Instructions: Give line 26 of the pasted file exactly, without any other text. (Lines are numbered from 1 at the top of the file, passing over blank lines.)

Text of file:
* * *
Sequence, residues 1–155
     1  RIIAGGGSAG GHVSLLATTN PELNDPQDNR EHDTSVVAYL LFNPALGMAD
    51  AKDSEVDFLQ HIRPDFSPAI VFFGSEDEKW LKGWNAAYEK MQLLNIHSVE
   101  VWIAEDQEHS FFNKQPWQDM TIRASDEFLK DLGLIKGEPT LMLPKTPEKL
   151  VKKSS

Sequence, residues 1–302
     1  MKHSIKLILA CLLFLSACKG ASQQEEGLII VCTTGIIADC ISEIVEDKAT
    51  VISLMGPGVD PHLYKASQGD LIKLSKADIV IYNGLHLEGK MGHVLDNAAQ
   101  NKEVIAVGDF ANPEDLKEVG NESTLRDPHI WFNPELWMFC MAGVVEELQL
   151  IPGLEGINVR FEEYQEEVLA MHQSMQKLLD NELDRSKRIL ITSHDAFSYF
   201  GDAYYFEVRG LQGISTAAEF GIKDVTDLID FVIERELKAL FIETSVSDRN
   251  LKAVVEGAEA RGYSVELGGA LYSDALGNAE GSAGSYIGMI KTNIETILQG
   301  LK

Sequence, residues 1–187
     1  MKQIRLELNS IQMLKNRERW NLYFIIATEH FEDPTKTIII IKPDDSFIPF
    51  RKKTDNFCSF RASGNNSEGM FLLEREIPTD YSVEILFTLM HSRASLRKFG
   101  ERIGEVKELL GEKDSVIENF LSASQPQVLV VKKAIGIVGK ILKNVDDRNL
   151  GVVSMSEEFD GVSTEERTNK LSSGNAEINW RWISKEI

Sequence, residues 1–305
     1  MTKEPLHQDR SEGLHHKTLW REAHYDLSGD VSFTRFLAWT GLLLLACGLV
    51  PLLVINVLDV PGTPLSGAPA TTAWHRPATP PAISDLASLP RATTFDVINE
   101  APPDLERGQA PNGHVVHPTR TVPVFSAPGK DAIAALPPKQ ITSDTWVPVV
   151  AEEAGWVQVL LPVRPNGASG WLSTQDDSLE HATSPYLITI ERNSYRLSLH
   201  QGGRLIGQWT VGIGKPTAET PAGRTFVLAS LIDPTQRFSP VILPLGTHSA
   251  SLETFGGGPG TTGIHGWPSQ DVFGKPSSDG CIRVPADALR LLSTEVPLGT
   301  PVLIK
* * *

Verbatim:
   301  PVLIK